Earn founder and CEO Balaji Srinivasan. Photo by Steve Jennings/Getty Images

Digital currency exchange Coinbase is still in talks to acquire Earn.com, a paid inbox service formerly known as 21 inc., Axios has learned from multiple sources.

  • No done deal yet (or maybe ever), but current discussions are at a purchase price north of $100 million (plus management earn-outs) with Coinbase insisting that Earn founder and CEO Balaji Srinivasan come over as CTO.

Why it matters: As 21, the company helped raise the early profile of Bitcoin among Silicon Valley investors.

  • Andreessen Horowitz has stakes in both companies, and is said to have recused itself from board-level negotiations (although former A16Z partner Srinivasan remains a "board partner" with the firm).
  • Earn originally originally was developing chips and hardware for cryptocurrency mining. It has since pivoted to crypto-based messaging technology, which some believe could someday be used to accept/decline online advertising.
  • If the equity value ended at around $120 million it would basically be break-even for Earn's Series C investors, given stock preferences, but earlier backers will be easily in the black because of Earn's early cryptocurrency activities.
  • Keep that last point in mind when you think about valuations of other crypto-related companies like Ripple. Traditional equity is only part of the capital equation.

Coindesk last month reported early talks between the two companies.

Go deeper

Updated 1 hour ago - Politics & Policy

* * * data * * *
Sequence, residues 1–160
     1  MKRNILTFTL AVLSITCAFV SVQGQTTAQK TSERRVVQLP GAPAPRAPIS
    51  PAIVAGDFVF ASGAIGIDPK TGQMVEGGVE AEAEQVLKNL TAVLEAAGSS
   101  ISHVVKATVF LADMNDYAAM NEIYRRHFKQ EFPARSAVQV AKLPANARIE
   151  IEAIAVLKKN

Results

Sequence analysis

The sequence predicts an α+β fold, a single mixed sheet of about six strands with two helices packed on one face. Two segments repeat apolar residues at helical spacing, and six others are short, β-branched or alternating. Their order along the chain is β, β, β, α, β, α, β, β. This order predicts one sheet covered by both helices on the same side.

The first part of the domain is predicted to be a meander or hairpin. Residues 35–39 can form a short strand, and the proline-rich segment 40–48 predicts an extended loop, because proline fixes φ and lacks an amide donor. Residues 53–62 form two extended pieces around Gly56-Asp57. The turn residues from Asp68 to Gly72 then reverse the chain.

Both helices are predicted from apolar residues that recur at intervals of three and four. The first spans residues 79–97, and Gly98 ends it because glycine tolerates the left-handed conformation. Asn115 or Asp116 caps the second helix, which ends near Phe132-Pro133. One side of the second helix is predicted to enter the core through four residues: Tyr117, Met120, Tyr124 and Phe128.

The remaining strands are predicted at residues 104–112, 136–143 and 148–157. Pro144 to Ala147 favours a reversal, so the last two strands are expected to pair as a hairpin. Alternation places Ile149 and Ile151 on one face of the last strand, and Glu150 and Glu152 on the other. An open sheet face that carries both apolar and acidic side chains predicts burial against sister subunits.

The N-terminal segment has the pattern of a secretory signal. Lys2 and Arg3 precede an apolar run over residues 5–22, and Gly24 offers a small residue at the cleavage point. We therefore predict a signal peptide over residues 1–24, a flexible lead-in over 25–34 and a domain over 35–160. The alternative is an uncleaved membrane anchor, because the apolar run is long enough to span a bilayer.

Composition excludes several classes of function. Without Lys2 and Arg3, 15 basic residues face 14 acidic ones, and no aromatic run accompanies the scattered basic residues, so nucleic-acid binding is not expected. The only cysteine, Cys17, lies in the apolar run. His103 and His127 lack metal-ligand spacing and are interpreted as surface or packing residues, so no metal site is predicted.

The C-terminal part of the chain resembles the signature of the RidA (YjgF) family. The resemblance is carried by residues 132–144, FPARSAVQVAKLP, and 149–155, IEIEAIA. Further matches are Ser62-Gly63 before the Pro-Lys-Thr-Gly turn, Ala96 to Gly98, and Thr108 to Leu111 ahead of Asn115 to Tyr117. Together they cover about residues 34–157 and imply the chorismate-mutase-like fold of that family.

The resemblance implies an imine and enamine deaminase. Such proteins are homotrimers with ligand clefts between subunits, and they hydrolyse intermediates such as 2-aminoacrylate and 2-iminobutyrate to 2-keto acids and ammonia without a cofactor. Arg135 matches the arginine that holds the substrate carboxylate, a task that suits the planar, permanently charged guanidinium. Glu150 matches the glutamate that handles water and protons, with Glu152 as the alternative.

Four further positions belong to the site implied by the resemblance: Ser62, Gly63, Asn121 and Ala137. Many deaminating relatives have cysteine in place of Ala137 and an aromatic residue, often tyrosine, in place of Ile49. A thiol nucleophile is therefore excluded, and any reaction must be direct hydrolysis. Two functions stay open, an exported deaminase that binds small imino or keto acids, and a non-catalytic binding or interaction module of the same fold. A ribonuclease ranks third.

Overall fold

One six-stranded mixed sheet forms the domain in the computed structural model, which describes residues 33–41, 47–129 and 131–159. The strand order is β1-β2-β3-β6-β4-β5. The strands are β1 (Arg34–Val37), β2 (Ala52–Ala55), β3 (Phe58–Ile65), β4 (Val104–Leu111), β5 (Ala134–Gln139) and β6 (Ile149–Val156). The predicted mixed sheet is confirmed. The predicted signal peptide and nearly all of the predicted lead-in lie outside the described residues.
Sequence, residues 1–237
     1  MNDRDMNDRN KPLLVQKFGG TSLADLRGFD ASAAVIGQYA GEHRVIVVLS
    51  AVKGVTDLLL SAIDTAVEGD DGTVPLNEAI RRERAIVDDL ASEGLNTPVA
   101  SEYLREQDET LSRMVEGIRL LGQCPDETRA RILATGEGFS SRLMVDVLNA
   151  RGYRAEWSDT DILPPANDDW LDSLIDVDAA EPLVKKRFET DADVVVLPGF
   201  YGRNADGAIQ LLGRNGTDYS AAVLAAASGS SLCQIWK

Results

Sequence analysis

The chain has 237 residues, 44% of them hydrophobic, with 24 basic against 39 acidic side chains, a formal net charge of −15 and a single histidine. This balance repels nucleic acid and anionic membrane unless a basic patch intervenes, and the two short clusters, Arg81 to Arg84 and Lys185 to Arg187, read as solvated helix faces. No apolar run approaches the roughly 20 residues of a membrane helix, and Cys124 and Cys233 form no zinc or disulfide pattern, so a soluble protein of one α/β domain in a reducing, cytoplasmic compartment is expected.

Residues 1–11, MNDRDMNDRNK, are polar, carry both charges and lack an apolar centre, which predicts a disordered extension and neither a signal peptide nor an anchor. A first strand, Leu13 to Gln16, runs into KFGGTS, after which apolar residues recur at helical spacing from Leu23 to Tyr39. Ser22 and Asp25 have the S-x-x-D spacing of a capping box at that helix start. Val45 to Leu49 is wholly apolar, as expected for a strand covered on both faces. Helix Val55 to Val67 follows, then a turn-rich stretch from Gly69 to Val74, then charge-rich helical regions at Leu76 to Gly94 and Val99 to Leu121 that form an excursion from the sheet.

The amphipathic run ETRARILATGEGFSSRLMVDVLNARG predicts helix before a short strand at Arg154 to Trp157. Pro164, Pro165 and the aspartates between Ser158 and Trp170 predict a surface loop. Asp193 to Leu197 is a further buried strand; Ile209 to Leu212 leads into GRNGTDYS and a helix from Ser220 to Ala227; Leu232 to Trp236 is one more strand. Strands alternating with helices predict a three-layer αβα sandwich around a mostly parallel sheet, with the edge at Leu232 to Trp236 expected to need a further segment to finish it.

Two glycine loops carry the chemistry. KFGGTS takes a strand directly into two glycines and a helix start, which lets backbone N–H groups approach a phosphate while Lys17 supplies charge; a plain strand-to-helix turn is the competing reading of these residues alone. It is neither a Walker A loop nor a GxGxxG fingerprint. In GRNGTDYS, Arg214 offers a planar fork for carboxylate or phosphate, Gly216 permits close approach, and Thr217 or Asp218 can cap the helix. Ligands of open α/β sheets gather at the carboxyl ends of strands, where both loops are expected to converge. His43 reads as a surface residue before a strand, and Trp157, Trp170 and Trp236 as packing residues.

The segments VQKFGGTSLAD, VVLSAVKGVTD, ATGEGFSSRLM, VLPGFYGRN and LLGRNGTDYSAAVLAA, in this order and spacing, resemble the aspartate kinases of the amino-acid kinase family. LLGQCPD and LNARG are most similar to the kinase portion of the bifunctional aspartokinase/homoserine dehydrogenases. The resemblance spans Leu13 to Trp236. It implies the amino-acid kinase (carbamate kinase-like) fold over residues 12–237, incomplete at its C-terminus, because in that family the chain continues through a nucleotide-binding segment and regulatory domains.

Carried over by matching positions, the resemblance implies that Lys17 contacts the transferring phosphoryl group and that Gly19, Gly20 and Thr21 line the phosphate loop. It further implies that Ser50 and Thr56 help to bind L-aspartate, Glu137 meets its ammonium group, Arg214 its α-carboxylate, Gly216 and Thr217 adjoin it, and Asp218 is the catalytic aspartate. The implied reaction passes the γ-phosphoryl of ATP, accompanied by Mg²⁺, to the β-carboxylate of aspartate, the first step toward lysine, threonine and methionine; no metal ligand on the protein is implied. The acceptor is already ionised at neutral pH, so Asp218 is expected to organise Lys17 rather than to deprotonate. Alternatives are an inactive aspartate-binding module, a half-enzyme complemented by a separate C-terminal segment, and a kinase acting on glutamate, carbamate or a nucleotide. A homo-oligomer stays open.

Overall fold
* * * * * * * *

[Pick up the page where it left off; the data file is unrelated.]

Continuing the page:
Coronavirus dashboard

Illustration: Sarah Grillo/Axios

  1. Global: Total confirmed cases as of 9:30 p.m. ET: 32,746,147 — Total deaths: 991,678 — Total recoveries: 22,588,064Map.
  2. U.S.: Total confirmed cases as of 9:30 p.m. ET: 7,007,450 — Total deaths: 204,486 — Total recoveries: 2,750,459 — Total tests: 100,492,536Map.
  3. States: New York daily cases top 1,000 for first time since June — U.S. reports over 55,000 new coronavirus cases.
  4. Health: The long-term pain of the mental health pandemicFewer than 10% of Americans have coronavirus antibodies.
  5. Business: Millions start new businesses in time of coronavirus.
  6. Education: Summer college enrollment offers a glimpse of COVID-19's effect.
Updated 5 hours ago - Politics & Policy

What they're saying: Trump nominates Amy Coney Barrett for Supreme Court

Judge Amy Coney Barrett in the Rose Garden of the White House on Sept. 26. Photo: Oliver Douliery/AFP via Getty Images

Democratic and Republican lawmakers along with other leading political figures reacted to President Trump's Saturday afternoon nomination of federal appeals court Judge Amy Coney Barrett to succeed Justice Ruth Bader Ginsburg on the Supreme Court.

What they're saying: "President Trump could not have made a better decision," Senate Majority Leader Mitch McConnell said in a statement. "Judge Amy Coney Barrett is an exceptionally impressive jurist and an exceedingly well-qualified nominee to the Supreme Court of the United States."

Amy Coney Barrett: "Should I be confirmed, I will be mindful of who came before me"

Trump introduces Amy Coney Barrett as nominee to replace Ruth Bader Ginsburg. Photo: Olivier Douleiry/Getty Images

In speaking after President Trump announced her as the Supreme Court nominee to replaced Ruth Bader Ginsburg, Circuit Court Judge Amy Coney Barrett said on Saturday she will be "mindful" of those who came before her on the court if confirmed.

What she's saying: Barrett touched on Ginsburg's legacy, as well as her own judicial philosophy and family values. "I love the United States and I love the United States Constitution," she said. "I'm truly humbled at the prospect of serving on the  Supreme Court."